questions on bodhisattva vow
Tenzin Bob Thurman
tbt7 at COLUMBIA.EDU
Thu Dec 18 02:24:31 UTC 2008
These questions are raised and debated interminably – supporting the
doctrine that all teachings and theories about the relative reality are
interpretable in nature. They say there are three ways of a bodhisattbva
becoming a buddha, like a cowherd, like a ferryman, and like a king. The
cowherd gets all the herd into the pasture then enters himself, the
ferryman and passengers reach the shore at the same time, and the king
firstr assums the royal position and power, and then lifts his kingdom
into exaltation. The aspirational vow you mention expresses the
sentiment of the former type, but the actual method is to fist become
buddha and then help others become enlightened.
Another way to think about it is that upon attaining buddhahood, one;s
awafreness expands into all three times, an so the future moments of
other beings' attainment of nirvana and buddhahood become present to the
bodhisattva in buddha-transition and so she has no sense of abandoning
them for her own nirvana.
Allen W Thrasher wrote:
> The bodhisattva takes a vow not to enter into Nirvana until all other sentient beings have done so before him.
> 1. Does this mean never?
> 2. If so, is it because some beings are permanently disqualified from nirvana?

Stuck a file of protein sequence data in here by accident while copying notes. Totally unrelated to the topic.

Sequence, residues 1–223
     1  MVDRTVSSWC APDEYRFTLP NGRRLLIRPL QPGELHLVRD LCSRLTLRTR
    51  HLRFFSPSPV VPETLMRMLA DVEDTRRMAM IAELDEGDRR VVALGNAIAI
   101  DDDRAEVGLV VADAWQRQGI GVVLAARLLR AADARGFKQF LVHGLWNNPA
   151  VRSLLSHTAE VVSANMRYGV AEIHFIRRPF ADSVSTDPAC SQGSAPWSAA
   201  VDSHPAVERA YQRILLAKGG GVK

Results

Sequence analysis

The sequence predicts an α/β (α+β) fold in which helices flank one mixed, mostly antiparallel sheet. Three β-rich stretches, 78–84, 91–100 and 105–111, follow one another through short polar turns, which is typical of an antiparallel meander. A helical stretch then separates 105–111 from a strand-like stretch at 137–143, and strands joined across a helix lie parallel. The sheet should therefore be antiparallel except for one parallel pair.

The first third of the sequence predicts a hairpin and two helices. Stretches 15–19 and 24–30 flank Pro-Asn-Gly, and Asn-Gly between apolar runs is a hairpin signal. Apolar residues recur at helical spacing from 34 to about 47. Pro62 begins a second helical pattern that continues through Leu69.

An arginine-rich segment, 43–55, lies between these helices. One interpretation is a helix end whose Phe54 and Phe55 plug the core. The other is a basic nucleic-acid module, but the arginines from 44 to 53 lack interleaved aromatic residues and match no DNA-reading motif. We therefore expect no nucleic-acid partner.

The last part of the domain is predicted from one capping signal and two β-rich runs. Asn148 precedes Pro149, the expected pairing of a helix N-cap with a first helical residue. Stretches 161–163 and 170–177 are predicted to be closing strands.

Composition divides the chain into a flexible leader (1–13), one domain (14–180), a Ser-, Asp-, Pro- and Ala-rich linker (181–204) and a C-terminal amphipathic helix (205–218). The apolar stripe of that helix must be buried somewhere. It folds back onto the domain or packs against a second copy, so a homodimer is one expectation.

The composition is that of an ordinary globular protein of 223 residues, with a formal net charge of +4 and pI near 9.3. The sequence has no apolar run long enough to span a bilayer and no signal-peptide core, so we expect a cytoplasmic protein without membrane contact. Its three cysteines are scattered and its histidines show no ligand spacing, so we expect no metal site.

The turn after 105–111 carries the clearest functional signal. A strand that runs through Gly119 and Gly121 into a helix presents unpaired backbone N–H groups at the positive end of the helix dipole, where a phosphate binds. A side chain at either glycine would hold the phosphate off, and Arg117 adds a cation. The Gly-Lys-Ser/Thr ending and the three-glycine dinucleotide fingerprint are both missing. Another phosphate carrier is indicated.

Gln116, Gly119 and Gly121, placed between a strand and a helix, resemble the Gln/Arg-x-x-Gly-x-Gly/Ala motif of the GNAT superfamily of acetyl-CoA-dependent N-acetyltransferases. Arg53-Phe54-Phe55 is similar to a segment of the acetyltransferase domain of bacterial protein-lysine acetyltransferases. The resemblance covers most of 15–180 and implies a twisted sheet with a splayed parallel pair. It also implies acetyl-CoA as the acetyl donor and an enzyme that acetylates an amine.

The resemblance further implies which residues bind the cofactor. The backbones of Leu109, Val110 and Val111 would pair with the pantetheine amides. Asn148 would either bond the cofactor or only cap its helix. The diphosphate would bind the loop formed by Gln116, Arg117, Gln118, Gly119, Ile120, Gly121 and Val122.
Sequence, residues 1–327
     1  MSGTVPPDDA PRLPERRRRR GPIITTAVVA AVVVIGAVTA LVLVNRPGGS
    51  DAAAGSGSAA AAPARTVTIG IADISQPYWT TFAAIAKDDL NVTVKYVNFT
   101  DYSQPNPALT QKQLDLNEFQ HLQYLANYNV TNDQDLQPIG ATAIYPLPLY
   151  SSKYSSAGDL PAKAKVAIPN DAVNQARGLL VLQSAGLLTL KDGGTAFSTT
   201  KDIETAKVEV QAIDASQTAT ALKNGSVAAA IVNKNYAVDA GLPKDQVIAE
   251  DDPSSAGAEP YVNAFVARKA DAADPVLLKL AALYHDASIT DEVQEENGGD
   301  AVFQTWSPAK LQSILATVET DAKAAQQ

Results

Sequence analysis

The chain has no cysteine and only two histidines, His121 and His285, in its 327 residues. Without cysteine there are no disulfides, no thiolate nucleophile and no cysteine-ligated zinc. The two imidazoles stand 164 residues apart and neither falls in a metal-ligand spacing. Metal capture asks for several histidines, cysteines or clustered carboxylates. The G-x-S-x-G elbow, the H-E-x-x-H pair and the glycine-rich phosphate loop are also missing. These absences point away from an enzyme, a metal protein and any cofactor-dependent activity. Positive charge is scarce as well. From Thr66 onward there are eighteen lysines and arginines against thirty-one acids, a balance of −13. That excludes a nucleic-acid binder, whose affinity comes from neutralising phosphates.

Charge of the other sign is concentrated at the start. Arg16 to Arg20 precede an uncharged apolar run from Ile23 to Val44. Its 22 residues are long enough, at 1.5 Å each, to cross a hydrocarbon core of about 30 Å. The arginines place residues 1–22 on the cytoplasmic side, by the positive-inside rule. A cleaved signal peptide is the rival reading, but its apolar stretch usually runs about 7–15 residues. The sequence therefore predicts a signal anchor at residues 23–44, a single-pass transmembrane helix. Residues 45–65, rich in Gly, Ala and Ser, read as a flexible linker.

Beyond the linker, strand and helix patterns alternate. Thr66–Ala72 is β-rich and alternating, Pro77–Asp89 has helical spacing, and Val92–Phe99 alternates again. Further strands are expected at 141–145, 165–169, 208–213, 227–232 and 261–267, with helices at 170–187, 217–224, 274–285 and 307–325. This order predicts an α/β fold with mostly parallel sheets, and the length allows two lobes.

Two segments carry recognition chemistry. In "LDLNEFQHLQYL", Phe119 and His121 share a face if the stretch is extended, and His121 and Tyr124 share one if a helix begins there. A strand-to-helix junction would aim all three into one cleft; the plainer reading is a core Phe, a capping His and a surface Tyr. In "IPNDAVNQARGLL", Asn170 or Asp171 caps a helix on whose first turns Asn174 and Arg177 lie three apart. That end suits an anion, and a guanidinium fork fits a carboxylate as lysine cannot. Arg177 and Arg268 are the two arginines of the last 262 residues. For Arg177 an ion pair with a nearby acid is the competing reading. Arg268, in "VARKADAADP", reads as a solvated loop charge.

> 3. Or is it that they are literally infinite in number, and so though each will eventually enter it, there will always be more? (I'm not sure this makes sense logically, but I'm asking what's said.)
> 4. Or do new sentient beings somehow get started, replacing the ones that have entered into nirvana? (I can't remember any S.Asian source that says new sentient beings come into existence, except (according to B. L. Atreya somewhere, the YogavAsiSTHa).
> 5. Are these or similar questions ever raised at all?
> Allen W. Thrasher, Ph.D.
> Senior Reference Librarian
> Team Coordinator
> South Asia Team, Asian Division
> Library of Congress, Jefferson Building 150
> 101 Independence Ave., S.E.
> Washington, DC 20540-4810
> tel. 202-707-3732; fax 202-707-1724; athr at loc.gov
> The opinions expressed do not necessarily reflect those of the Library of Congress.
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